France calls for more 'European solidarity' over asylum applications
Five years after the peak of Europe’s migrant crisis, EU nations are meeting Wednesday to work out more shared responsibility for asylum seekers, a move actively backed by France.
The issue of migrants risking their lives to find safe haven in Europe was brought to the fore once more on Tuesday as French rescuers plucked 88 migrants from the English Channel in five different operations off France’s northern coast.
The authorities said they were trying to reach UK shores.
The rescues highlight the strain placed on European countries trying to deal with an influx of asylum-seekers fleeing war and poverty at home.
Voici les indicateurs chiffrés concernant le nombre de demandeurs d’#asile reçus en guichet unique (GUDA) en août 2020— Office Français de l’Immigration et Intégration (@OFII_France) September 23, 2020
Vous y trouverez un comparatif avec le mois précédent.#Migrants #LOFIIsengage pic.twitter.com/k5t4JZ67rL
Figures published by France's immigration services showed that while there had been a slight rise in the number of asylum applications between July and August this year, 37 percent fewer applications were made in 2020 compared to the previous year.
'Compulsory' solidarity mechanism
The European Union is set to unveil a long-awaited asylum plan (New Pact on Migration and Asylum) Wednesday that will seek to get its 27 member states to commit to sharing the handling of asylum claims from migrants arriving on European shores.
The most contentious part of the plan is the “compulsory solidarity mechanism”.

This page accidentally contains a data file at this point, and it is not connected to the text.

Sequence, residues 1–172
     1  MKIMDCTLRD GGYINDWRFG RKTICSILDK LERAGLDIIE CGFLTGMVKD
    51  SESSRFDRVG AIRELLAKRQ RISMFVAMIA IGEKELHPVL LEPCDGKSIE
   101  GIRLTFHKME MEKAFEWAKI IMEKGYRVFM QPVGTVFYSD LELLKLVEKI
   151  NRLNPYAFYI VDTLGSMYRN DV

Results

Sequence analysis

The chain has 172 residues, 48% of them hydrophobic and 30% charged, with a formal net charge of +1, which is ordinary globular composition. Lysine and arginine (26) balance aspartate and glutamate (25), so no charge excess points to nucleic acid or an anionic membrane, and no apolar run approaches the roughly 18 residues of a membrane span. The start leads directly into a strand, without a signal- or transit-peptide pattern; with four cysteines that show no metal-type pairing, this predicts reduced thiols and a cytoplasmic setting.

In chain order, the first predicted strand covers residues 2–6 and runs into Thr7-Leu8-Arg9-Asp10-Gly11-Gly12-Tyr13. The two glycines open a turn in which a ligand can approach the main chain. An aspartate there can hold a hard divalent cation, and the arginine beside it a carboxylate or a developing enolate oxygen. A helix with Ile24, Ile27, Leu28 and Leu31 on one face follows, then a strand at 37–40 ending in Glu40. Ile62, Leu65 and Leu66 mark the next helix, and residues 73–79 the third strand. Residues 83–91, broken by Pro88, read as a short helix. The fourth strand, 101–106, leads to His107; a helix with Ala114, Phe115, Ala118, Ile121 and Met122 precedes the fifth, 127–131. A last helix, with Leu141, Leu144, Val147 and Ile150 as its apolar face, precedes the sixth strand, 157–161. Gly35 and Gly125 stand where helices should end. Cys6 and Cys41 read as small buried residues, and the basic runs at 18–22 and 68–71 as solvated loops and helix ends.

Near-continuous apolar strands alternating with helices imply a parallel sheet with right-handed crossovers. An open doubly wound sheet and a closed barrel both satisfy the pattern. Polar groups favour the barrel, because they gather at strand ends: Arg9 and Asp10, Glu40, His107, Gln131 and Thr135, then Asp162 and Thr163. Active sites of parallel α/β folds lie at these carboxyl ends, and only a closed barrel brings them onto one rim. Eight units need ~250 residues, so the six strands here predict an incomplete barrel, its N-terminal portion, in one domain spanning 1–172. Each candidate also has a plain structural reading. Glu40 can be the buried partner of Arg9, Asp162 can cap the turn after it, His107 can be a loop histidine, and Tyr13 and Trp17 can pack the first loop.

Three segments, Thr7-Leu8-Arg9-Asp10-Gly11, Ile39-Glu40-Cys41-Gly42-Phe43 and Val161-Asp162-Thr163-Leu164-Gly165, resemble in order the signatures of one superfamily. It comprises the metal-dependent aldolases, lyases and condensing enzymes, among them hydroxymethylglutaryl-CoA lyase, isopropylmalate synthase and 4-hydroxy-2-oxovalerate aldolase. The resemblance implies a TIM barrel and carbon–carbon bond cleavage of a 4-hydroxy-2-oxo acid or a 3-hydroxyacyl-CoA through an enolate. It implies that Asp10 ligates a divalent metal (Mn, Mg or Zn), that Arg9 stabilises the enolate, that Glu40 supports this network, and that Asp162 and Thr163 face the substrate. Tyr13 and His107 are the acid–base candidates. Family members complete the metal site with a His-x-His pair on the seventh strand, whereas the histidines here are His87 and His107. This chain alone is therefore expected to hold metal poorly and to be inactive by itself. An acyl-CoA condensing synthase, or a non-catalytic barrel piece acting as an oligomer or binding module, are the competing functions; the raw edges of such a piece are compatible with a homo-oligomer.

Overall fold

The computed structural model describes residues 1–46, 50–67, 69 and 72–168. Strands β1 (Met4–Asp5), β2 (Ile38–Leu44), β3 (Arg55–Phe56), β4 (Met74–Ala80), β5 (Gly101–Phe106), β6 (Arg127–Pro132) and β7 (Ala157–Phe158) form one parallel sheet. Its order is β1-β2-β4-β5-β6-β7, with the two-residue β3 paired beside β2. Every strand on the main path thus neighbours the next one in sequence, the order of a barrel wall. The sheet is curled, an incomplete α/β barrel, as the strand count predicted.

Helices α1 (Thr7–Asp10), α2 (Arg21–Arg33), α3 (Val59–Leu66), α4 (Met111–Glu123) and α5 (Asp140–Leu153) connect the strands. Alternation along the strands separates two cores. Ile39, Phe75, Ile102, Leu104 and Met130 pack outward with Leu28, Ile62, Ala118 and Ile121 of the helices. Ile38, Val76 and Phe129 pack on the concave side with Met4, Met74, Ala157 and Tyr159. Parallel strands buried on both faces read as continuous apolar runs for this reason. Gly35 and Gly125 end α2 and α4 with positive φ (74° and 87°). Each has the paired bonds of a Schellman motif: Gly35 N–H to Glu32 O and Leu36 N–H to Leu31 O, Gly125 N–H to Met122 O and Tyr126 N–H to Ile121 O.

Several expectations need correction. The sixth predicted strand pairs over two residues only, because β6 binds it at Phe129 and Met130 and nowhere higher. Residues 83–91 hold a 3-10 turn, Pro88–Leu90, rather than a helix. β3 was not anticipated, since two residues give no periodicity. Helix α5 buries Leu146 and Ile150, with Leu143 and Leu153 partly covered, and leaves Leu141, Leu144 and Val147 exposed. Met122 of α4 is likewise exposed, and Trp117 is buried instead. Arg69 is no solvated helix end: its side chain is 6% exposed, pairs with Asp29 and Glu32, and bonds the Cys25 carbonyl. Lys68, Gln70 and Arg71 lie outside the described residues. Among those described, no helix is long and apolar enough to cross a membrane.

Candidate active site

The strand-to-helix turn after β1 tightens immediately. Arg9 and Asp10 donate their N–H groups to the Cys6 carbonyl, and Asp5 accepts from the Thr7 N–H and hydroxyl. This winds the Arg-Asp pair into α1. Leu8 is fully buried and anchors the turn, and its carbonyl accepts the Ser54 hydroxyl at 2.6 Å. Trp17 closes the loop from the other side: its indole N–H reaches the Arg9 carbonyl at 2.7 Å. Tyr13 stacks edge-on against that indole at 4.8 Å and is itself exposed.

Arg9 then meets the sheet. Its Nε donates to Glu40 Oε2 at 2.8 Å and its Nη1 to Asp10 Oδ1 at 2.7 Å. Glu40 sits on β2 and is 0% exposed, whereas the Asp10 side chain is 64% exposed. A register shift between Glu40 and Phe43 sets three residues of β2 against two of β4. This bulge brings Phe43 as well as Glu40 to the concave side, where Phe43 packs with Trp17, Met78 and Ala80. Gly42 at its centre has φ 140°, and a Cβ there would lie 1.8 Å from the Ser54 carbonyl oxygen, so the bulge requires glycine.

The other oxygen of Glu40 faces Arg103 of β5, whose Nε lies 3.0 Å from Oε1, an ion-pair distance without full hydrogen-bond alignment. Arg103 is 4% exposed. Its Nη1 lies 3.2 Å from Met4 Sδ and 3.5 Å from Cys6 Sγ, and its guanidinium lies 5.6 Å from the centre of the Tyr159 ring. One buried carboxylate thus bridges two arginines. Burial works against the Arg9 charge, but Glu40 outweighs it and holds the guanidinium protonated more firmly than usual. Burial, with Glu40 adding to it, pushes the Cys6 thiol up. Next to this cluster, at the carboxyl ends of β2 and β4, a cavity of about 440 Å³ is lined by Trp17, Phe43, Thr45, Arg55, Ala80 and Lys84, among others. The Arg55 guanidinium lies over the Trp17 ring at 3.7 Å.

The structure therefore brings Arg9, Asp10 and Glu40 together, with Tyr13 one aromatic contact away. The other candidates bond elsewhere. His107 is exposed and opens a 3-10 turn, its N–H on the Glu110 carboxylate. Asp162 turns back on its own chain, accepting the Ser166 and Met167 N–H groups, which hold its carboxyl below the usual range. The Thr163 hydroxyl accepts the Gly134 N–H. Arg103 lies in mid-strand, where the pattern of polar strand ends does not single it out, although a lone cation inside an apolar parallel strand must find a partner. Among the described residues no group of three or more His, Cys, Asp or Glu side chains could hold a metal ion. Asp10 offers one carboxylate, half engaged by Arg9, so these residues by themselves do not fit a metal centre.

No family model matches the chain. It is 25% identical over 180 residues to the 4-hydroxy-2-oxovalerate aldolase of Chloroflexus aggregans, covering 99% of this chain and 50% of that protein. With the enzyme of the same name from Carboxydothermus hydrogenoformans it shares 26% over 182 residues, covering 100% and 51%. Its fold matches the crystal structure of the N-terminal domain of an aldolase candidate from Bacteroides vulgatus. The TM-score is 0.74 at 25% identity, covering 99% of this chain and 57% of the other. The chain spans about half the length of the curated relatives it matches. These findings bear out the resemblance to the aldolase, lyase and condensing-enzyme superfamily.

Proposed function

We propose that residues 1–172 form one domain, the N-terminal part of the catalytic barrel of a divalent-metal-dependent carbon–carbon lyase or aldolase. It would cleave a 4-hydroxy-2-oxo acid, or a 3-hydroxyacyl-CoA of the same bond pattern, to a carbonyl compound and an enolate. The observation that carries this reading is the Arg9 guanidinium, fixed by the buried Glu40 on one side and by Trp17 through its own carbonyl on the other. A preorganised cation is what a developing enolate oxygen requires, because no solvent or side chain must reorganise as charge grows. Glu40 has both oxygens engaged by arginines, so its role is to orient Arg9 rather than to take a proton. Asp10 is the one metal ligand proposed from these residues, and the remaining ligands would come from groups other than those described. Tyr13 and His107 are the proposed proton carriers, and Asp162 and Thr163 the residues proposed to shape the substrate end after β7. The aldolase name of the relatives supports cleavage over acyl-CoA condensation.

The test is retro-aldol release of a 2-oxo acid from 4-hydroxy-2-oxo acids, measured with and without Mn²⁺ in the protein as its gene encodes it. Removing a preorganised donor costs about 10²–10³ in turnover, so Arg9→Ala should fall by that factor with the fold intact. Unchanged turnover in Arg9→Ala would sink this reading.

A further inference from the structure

"It's obvious to everybody that ad hoc solidarity or voluntary solidarity is not enough. That has been proven for many years now," said Ylva Johansson, European Commissioner for Home Affairs. "It has to be mandatory."
The plan will make showing solidarity with all EU countries on the front lines – often Greece, Italy or Malta – compulsory when they are "under pressure" from arrivals.
It could mean that aid will no longer be limited to EU countries where asylum seekers are relocated to, but instead will be directed to other nations so they can return refused asylum seekers back to their country of origin.
It is hoped that this measure will pacify EU countries such as the Visegrad group (Poland, Hungary, Czech Republic and Slovakia) who have declined to welcome asylum seekers.
Sharing the burden
France’s Interior Minister Gerald Darmanin on Wednesday called for more "European solidarity" in the handling of asylum applications.
"The migration question can only be settled at the European level" the minister told France Inter ahead of the EU announcement.
"We still want a European solidarity. There is no reason why only Italy, France and Germany, broadly speaking, with Greece share this solidarity," said Darmanin.
All countries should share the burden of relocating arriving migrants, he insisted.
The measure may prove tough to pass however.
Austria's chancellor Sebastian Kurz has already warned the EU against forcing states to take in asylum seekers.
"We find that the distribution in Europe (of asylum seekers) has failed and many states reject this. It won't work like this," the 34-year-old conservative leader said Tuesday.
His country and other smaller nations have spoken out in the past against any mandatory asylum-seeker distribution.
The proposal follows a devastating fire earlier this month at an overcrowded camp for migrants and asylum seekers on the Greek island of Lesbos that left thousands homeless -- and put EU migration policy back in the spotlight.
European Commission chief Ursula von der Leyen said last week that the new proposals would include plans to strengthen border security and return failed asylum seekers, which Kurz and allies are in favour of, while also including "a new strong solidarity mechanism".
The commission also wants to speed up asylum procedures, to quickly determine whether a person is eligible, and to prevent applicants from an uncertain life in camps.
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